A large part of Trevor Noah’s Real Talk with Anele interview revolved around the fact that Noah isn’t phased by not being liked, but, considering how much more we love him after this incredibly real interview, we only have one question:
How can you not like Trevor Noah?!
"I spent my life not being liked, I grew up not being liked... I only know how to be an outsider," said the comedian.
This was in response to Mdoda’s question about America’s reaction to him taking over from John Stewart on the daily show. "We don't like new things that seem to replace what we love," explained Noah.
"I've never been a fan of the facade. I want people to understand that we are all capable of anything."
The interview itself was full of incredible quotables from Noah, proving once again that no matter how far he may go in life, he might always remain the relatable comedian we have come to know and love.
One of the parts of the interview that seems to have been quoted the most online is the part where Noah and Mdoda spoke about the importance of money in our lives, especially for those coming from a poor background.
"The one thing people never talk about is when you've been poor and you finally get money... The fear of losing it... People who've always been rich don't know what that feels like and people who've always been poor also don't know what that feels like," said Noah.
He has gone through a lot on his way to where is now, including having to make a career choice when he was younger that led him to this point. He once had to choose between a set job doing radio at YFM and a chance to do stand-up comedy for a week and he went with comedy. Thank goodness for that leap of faith despite the fact that everyone in his life at that time told him that he was crazy.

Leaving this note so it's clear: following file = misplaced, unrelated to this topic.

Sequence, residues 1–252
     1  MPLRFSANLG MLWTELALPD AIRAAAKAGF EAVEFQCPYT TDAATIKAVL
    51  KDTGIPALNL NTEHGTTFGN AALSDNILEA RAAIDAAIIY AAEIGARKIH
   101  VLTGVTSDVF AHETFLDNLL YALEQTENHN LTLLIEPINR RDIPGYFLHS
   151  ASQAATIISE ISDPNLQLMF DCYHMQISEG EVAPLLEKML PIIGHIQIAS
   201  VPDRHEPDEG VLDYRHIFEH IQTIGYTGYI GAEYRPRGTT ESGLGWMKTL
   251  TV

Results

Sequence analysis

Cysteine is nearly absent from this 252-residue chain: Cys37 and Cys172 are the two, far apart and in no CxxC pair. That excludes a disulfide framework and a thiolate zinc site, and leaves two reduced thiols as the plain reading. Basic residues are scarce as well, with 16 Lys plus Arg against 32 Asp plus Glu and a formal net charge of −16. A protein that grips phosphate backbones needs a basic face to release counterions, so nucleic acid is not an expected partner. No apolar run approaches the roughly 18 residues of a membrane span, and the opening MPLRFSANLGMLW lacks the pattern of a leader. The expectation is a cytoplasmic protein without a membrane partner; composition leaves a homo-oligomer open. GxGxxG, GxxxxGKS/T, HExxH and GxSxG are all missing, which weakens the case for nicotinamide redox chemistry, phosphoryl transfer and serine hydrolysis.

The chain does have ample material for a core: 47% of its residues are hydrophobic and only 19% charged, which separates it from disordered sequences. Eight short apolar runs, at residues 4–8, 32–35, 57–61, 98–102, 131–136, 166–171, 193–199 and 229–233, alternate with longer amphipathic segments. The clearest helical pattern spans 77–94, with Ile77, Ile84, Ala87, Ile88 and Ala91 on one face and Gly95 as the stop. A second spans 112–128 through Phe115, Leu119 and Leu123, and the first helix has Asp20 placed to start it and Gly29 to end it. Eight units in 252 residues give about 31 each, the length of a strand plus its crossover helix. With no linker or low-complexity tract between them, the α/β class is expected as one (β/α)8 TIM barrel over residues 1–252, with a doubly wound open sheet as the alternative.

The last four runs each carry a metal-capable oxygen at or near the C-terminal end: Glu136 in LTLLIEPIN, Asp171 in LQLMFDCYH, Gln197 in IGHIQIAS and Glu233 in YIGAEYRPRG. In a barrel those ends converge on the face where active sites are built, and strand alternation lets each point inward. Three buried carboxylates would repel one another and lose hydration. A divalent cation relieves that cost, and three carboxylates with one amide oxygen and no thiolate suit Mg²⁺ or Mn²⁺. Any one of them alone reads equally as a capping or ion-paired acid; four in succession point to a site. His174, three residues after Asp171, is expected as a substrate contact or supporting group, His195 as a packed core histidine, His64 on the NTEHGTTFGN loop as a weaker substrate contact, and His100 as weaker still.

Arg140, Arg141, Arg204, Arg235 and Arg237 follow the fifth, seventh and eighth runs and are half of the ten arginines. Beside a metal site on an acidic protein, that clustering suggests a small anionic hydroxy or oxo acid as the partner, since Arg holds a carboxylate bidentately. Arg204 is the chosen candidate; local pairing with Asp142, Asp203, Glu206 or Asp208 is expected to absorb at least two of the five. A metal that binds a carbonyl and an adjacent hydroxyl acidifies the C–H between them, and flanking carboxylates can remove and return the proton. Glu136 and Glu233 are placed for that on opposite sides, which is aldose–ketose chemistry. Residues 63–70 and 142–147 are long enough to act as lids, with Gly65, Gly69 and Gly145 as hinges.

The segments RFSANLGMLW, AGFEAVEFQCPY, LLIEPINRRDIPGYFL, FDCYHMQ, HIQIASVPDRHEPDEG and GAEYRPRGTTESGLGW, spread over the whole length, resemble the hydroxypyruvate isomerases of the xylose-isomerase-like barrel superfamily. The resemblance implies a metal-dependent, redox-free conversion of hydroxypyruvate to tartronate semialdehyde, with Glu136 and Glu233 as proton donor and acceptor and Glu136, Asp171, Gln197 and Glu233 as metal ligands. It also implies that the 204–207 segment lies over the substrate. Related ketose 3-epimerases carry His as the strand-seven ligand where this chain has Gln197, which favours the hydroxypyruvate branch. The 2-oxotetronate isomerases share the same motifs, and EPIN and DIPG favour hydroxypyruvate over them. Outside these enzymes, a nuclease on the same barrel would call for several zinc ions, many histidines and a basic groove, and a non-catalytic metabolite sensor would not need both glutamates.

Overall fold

"If you are happy when the people like you then that means you must be sad when the people don't like you"
His contentment with not being liked seems to stem from the fact that he made his way up from rock bottom and he understands that things can never be worse than they were.
Including the fact that his mother put his life in context for him when he was younger just after he had complained that all they were eating at the time was morogo and masonja.
She told him that she used to get so hungry sometimes that she would go down to the river and eat the clay from the river bed back home in the Eastern Cape as a child in order to fill her up in addition to the little that her family could afford.
Noah also spoke candidly about his personal experience of domestic abuse and his thoughts on the matter. Needless to say, he is vehemently against it and has the kinds of thoughts on the matter that we wish all men would have.
The lessons from his mother didn’t end there. She also taught him how to talk to women, how differently men and women communicate and love languages.
Although they don't seem to have had as much of a relationship, Trevor also learned a lot from his father who he often speaks about in his shows and his book - Born A Crime: Stories from a South African Childhood.
True to his nature, Noah also waxed lyrical about the potential of the country as compared to the states and said that that is one of the things he misses the most about the country.
Even though he didn’t make it home for the MAMAs (yes, we’re still not over that), we’re just glad to know that he misses home.